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Lesson 5 : Aggregate Demand and Supply 2

Module 1: Macro Fundamental Analysis

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Video Transcript

Okay so what does that mean then if we have an increase down here of aggregate demand so a combination an increase in the value of a combination of consumption investment government spending and net exports well let’s see what happens on the chart so if we take our ad curve so this is our aggregate demand curve one and we shift it to the right to represent an increase in aggregate demand if there is a decrease you can see over here the aggregate demand curve shifts to the left but we’re talking about an increase here in aggregate demand so total demand in an economy goes up this shifts the aggregate demand curve to the right and the effects of this are as follows so the general level of prices you can see if we draw this across to the original equilibrium point so the point at which the aggregate demand curve meets the aggregate supply curve where they intersect and you can see we start off with a general level of prices in the economy of around five and real gdp is around 600 so this would be 600 billion and this may be five dollars of course it would be a lot more but let’s just say five dollars and six hundred billion we would label this as our p1 and this becomes our y1 so real gdp one price level one and you can see when we shift the aggregate demand curve to the right when there’s an increase in total demand in an economy what happens is the equilibrium point shifts right as well you can see that our new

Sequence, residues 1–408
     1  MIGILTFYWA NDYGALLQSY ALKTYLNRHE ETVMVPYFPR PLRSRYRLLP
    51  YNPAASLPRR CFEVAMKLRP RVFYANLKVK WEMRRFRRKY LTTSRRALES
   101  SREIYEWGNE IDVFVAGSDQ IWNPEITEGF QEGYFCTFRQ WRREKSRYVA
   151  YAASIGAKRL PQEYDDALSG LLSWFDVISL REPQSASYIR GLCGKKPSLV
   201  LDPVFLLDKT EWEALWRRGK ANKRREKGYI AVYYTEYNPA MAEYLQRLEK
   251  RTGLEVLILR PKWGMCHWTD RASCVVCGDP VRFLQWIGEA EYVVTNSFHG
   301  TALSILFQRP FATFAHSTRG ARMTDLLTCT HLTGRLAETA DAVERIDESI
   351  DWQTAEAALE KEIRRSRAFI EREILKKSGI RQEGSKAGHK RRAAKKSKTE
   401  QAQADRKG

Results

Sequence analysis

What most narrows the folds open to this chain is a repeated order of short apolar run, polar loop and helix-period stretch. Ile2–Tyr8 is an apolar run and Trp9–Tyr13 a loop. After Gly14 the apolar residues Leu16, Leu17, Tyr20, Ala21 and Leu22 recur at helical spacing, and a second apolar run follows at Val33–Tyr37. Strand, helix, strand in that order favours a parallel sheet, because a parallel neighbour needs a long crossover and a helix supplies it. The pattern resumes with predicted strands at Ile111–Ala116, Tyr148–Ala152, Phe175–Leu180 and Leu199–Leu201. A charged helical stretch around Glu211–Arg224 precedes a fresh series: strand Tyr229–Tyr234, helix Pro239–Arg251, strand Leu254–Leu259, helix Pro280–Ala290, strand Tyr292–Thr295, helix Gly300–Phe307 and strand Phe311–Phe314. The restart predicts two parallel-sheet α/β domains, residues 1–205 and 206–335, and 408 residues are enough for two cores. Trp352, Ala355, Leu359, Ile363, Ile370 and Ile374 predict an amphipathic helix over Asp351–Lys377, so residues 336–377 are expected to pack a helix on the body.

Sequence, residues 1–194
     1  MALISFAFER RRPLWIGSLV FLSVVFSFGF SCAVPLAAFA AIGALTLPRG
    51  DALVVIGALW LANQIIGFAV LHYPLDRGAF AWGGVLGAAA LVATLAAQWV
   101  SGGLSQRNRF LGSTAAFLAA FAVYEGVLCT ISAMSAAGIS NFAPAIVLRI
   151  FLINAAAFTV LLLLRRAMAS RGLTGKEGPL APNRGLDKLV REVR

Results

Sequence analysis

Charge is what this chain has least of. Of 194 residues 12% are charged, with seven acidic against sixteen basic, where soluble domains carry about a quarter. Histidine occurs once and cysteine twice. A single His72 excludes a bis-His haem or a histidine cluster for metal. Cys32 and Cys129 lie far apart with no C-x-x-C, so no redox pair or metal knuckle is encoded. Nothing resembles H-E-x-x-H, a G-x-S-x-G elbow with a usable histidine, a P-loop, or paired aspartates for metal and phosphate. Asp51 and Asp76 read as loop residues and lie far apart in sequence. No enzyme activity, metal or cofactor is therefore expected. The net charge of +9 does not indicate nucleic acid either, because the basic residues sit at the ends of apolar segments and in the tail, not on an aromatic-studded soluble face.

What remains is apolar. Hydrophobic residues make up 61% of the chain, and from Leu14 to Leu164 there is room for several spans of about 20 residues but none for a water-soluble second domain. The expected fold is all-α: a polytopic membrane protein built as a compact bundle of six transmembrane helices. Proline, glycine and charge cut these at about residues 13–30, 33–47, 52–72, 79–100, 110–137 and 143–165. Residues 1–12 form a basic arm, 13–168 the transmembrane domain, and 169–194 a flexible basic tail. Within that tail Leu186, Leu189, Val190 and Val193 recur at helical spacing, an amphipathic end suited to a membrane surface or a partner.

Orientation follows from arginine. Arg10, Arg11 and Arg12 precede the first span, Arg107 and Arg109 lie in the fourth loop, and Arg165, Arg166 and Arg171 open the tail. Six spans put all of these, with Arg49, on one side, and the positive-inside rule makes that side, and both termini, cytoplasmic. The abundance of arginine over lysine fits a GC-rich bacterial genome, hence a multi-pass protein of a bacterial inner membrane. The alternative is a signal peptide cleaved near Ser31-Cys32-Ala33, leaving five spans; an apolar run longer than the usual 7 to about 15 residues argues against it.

gdp level down here which we would label as y2